Hong Kong switches to economic monoculture
A young trader at the Hong Kong branch of a mainland brokerage firm learned five years ago what matters most in local finance. At a 2016 annual meeting, executives explained to his team how essential access to China’s only hard currency market was: “We don’t care if you make any money,” they said. “Whatever you do, make sure you keep the licenses. Beijing’s attention has grown even stronger since then, and as a result the city is becoming dangerously one-dimensional.
President Xi Jinping’s crackdown has protected Hong Kong’s financial markets. Chinese authorities accuse pro-democracy parties of blocking attempts to rebalance the city’s economy, which is characterized by extremely high housing prices, decaying public services and growing gaps between rich and poor. Forced stability will pave the way for structural reforms, according to the theory. The reverse seems more likely.
Citigroup (CN), UBS (UBSG.S) and others are bolstering their ranks in Hong Kong, according to a Reuters report this week. Elsewhere, the news is gloomy. The city’s population declined by 50,000 last year. One in ten workers is unemployed or underemployed. A recent membership survey conducted by the local American Chamber of Commerce found that 42% of those surveyed are considering or considering leaving.
The exits will be forked. It makes sense that multinational companies with large businesses on the mainland, such as the owner of Timberland VF (VFC.N), are saving money by ditching Hong Kong and relocating to Shanghai instead. Likewise, tech and media companies are wisely evacuating their servers and staff to Singapore to evade Beijing’s repressive national security law. The wide dynamic also applies to Chinese outfits.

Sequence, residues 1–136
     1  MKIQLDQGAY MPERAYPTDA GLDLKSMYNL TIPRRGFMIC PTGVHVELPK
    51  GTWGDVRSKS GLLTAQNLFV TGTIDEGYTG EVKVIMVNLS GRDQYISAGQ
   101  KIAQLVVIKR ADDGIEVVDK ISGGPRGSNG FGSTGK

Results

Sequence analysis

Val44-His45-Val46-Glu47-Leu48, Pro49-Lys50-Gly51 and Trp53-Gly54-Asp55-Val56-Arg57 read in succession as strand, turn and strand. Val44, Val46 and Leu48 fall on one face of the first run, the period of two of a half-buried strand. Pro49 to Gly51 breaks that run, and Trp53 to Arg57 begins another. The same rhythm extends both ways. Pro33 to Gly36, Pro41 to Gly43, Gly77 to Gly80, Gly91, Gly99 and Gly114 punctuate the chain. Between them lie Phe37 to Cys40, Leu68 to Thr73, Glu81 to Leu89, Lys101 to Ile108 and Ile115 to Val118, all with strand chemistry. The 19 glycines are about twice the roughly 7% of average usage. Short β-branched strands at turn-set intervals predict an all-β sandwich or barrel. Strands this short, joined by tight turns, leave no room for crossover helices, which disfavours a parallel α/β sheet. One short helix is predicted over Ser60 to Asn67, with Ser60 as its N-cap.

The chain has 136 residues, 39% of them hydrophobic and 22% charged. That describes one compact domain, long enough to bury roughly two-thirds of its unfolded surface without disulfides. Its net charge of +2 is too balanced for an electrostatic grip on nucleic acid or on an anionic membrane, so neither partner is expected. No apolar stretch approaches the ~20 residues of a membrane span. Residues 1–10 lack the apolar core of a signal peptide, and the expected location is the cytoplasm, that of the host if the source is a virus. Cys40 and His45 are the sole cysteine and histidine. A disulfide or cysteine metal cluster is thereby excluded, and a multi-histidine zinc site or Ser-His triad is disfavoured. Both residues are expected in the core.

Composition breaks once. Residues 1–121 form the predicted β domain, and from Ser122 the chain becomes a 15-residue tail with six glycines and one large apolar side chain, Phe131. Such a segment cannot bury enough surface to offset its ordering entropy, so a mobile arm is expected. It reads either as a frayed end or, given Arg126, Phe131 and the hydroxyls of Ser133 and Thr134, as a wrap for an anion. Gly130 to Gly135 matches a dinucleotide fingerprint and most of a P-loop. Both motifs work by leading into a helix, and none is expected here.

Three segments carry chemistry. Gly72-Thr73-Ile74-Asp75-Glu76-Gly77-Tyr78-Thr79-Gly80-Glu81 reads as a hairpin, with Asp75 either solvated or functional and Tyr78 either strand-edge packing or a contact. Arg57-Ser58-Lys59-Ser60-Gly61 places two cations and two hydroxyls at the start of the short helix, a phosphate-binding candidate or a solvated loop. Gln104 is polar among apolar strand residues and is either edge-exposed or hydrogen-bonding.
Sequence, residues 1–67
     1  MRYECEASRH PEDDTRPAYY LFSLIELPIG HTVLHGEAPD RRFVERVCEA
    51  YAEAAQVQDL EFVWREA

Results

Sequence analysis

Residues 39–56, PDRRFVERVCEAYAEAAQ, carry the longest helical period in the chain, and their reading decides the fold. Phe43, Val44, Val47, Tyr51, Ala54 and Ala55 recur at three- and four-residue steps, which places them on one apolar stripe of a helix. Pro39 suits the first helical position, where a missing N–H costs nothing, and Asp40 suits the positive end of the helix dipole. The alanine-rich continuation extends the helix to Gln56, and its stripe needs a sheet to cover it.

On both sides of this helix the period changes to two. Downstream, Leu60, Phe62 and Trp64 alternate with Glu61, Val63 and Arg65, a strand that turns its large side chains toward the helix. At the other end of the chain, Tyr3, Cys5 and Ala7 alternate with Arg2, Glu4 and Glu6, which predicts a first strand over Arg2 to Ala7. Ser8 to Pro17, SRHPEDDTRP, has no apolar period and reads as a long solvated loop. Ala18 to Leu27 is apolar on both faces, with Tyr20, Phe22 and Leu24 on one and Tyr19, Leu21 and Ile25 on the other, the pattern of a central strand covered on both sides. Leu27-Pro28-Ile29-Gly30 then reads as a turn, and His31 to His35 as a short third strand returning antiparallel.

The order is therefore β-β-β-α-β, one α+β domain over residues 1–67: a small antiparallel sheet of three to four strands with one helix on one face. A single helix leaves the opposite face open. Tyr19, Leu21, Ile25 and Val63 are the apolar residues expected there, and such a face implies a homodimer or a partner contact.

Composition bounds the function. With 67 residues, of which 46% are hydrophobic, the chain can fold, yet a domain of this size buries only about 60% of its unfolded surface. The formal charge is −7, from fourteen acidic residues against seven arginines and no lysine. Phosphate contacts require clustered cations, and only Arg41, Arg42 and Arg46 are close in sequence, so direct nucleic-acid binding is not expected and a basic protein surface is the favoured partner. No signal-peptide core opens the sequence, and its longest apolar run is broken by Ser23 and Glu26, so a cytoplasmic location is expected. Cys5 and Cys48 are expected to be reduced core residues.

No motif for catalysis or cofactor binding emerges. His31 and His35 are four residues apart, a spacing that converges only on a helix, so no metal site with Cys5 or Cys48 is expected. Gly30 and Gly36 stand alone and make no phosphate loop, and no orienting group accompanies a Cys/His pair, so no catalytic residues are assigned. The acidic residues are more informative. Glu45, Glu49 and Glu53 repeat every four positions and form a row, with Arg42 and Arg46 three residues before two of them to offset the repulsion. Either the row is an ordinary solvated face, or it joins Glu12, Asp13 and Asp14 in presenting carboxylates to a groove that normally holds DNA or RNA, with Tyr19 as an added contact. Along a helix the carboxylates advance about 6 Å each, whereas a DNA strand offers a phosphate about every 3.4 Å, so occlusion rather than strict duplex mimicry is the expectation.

This does not bode well for the very important real estate market. Tourism is suffering, which contributed to a 24% drop in retail sales last year. Beijing has transformed neighboring Hainan province into a luxury duty-free shopping area that will directly compete with Hong Kong. In terms of trade, Victoria Harbor continues to lose volume to Shanghai and Singapore.
Finance alone cannot make a difference. The industry contributes around 20% of the HK $ 311 billion GDP, but accounts for 10% of the workforce. Sustained emigration will weigh on the demand for housing and offices. Over-reliance on banking, commerce and insurance will lead to rapid stagnation, not the renaissance promised by Beijing.
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– Goldman Sachs, Citigroup, UBS and other banks are each hiring hundreds of people in Hong Kong this year, significantly increasing their existing workforce, Reuters reported on June 4.
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